My Social Book Turns Your Social Media Activity Into a Printed Volume

The Moodchik
Somehow, even in this day and age, printed content feels so much more real than digital. You can scroll and swipe and VR to your heart's content but it still won't have the same feel as a tome gently resting in your hands. That in mind, how would it feel to have a year or more's worth of your social media activity resting there in such a way? Very weird, I imagine.

Well, I don't have to imagine, and neither does anybody else, thanks to My Social Book. It's a service which takes your social media data and transforms it into a volume, which you can then pay to have printed and sent to you. Photos, status updates, wall posts, comments and everything else are arranged into sections, ordered by year, and beyond that everything else is pretty much up to you.

You can see the preview more or less straight after inputing the parameters. I took a look at mine and it was a strange experience, to say the least. There was a two page spread of photos of my friend Adam's face, courtesy of something that happened when I left my phone with him on a night out, and one page was largely occupied by a fairly heated political debate I'd had with someone, but bookended by link to a movie trailer and a photo of me with a dog's head.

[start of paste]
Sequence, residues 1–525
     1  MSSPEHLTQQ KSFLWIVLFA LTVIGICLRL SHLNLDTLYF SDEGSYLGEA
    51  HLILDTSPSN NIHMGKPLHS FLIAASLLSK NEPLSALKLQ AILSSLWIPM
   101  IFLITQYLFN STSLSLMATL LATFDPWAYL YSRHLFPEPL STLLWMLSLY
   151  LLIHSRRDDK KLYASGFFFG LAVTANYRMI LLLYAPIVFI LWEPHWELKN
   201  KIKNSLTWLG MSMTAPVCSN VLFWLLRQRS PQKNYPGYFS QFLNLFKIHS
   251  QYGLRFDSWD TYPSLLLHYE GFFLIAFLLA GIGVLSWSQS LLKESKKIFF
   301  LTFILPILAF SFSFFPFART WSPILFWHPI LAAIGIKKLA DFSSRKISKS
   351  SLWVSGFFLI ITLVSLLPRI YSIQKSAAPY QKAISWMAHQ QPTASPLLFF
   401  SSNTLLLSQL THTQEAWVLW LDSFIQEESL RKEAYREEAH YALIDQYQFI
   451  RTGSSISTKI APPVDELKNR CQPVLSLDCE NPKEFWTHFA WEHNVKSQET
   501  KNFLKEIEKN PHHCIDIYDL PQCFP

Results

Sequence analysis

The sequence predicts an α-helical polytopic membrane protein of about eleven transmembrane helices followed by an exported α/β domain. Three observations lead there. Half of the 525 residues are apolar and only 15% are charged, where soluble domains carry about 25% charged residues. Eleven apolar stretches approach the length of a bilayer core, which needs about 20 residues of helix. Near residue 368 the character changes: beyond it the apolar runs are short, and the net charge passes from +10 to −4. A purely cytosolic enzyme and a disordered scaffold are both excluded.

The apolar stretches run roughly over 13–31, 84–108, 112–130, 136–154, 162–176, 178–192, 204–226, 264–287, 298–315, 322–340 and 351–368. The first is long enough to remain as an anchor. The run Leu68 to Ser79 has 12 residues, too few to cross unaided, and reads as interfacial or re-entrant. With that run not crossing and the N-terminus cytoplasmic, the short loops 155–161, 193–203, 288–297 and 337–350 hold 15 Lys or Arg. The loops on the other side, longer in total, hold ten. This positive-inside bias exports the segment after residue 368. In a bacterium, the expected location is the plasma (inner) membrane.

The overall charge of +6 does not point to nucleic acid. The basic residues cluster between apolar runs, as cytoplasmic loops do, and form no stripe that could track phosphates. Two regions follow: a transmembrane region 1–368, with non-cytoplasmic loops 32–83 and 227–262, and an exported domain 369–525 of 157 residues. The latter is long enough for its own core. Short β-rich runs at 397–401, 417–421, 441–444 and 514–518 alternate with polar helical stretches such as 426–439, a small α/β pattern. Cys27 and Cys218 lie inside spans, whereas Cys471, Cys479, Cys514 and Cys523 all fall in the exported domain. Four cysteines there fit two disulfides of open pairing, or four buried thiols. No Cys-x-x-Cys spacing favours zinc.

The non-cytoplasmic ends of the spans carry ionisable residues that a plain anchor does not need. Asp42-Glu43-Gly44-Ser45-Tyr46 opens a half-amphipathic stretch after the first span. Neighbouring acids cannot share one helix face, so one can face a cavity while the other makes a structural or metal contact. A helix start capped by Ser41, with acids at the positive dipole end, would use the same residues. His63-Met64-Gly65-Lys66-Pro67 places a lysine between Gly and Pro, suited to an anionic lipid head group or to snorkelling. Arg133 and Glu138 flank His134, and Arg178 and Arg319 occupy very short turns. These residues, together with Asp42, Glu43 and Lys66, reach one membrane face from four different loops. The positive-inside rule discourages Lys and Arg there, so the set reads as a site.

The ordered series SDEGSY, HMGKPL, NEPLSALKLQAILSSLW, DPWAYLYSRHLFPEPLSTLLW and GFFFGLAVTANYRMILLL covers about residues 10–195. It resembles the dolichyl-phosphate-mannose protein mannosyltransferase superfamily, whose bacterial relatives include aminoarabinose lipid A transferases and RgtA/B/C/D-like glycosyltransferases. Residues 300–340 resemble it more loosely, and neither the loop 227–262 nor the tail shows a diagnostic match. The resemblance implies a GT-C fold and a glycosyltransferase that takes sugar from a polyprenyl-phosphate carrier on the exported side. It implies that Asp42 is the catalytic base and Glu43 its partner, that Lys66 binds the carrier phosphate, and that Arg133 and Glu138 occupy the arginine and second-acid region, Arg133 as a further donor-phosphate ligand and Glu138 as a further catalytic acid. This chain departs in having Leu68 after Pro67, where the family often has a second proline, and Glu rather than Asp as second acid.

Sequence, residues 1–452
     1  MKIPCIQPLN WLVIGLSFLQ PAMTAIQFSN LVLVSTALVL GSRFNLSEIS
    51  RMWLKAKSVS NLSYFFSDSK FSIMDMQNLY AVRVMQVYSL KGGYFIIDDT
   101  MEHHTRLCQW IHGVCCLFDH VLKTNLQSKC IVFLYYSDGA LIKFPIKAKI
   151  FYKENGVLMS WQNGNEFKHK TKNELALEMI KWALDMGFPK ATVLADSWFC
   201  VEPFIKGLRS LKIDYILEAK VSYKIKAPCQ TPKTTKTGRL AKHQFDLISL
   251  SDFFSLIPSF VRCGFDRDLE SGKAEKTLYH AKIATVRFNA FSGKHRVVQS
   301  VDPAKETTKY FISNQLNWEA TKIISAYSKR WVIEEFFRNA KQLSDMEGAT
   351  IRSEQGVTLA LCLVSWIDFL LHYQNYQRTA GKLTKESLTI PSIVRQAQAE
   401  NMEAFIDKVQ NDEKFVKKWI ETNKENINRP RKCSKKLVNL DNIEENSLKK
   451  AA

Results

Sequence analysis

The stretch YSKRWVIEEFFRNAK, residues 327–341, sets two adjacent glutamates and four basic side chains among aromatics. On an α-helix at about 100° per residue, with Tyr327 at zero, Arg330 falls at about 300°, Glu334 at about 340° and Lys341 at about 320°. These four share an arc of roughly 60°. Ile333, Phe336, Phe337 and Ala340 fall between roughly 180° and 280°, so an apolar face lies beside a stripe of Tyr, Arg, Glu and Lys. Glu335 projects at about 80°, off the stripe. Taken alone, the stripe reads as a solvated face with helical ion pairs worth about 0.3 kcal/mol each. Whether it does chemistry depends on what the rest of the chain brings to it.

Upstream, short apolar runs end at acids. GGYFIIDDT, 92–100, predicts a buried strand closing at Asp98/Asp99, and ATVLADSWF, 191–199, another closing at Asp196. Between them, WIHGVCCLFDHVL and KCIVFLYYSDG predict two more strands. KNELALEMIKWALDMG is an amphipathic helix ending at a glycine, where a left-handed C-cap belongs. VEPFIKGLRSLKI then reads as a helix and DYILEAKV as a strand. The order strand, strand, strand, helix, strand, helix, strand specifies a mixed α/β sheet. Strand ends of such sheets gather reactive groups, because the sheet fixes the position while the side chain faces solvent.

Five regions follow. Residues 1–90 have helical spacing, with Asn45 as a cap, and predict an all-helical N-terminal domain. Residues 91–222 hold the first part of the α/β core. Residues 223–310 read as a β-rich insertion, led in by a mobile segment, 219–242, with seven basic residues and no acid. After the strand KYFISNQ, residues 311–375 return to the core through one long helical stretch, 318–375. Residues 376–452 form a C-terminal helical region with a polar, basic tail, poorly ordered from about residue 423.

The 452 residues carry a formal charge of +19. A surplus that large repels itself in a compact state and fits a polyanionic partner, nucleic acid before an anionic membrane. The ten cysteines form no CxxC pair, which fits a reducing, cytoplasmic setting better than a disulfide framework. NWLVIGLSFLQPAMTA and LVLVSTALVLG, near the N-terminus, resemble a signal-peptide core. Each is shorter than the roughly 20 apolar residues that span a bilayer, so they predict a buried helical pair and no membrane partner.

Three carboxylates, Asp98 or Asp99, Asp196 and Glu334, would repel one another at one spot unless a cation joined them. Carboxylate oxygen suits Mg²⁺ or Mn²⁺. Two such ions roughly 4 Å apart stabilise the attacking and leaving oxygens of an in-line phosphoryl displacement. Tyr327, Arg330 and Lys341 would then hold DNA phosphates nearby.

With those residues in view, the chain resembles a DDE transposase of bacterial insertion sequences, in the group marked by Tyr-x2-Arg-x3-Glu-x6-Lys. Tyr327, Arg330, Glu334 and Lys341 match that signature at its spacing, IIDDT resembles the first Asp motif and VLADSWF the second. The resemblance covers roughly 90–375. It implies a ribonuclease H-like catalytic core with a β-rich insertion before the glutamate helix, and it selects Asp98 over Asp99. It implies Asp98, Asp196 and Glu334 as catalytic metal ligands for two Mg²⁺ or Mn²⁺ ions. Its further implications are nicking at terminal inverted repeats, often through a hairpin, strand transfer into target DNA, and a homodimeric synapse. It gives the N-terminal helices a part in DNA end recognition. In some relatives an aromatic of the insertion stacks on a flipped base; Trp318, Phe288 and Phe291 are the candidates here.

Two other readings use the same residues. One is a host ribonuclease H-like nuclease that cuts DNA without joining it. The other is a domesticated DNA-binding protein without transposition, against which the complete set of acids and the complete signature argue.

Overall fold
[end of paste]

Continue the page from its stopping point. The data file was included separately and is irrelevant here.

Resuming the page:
It seems like the broader appeal of this service depends heavily on how you use your Facebook and Instagram accounts. If, like me, you're a bit more scattershot, it's going to come out looking like House of Leaves, but if you're a parent, or someone who documents things a bit more consistently, it would probably make for a great memento.

The service tends to opt for the more popular posts, which again means that parents are going to see lots of kid-related fare, as well as any kind of life achievement, the kind of thing that's easy to like, and thus gets liked a lot. Again, I'm probably in the wrong market, half of what I do on social media is share my writing, other people's writing, and get tagged in embarrassing photos from gigs and music festivals. Hardly coffee table book material.

If you are the sort of person who might have something to gain from this service, it's relatively cost-effective and there's all kinds of gift giving potential in there. On a more basic level though, once again, it would be interesting to actually have and hold a physical manifestation of social media activity.

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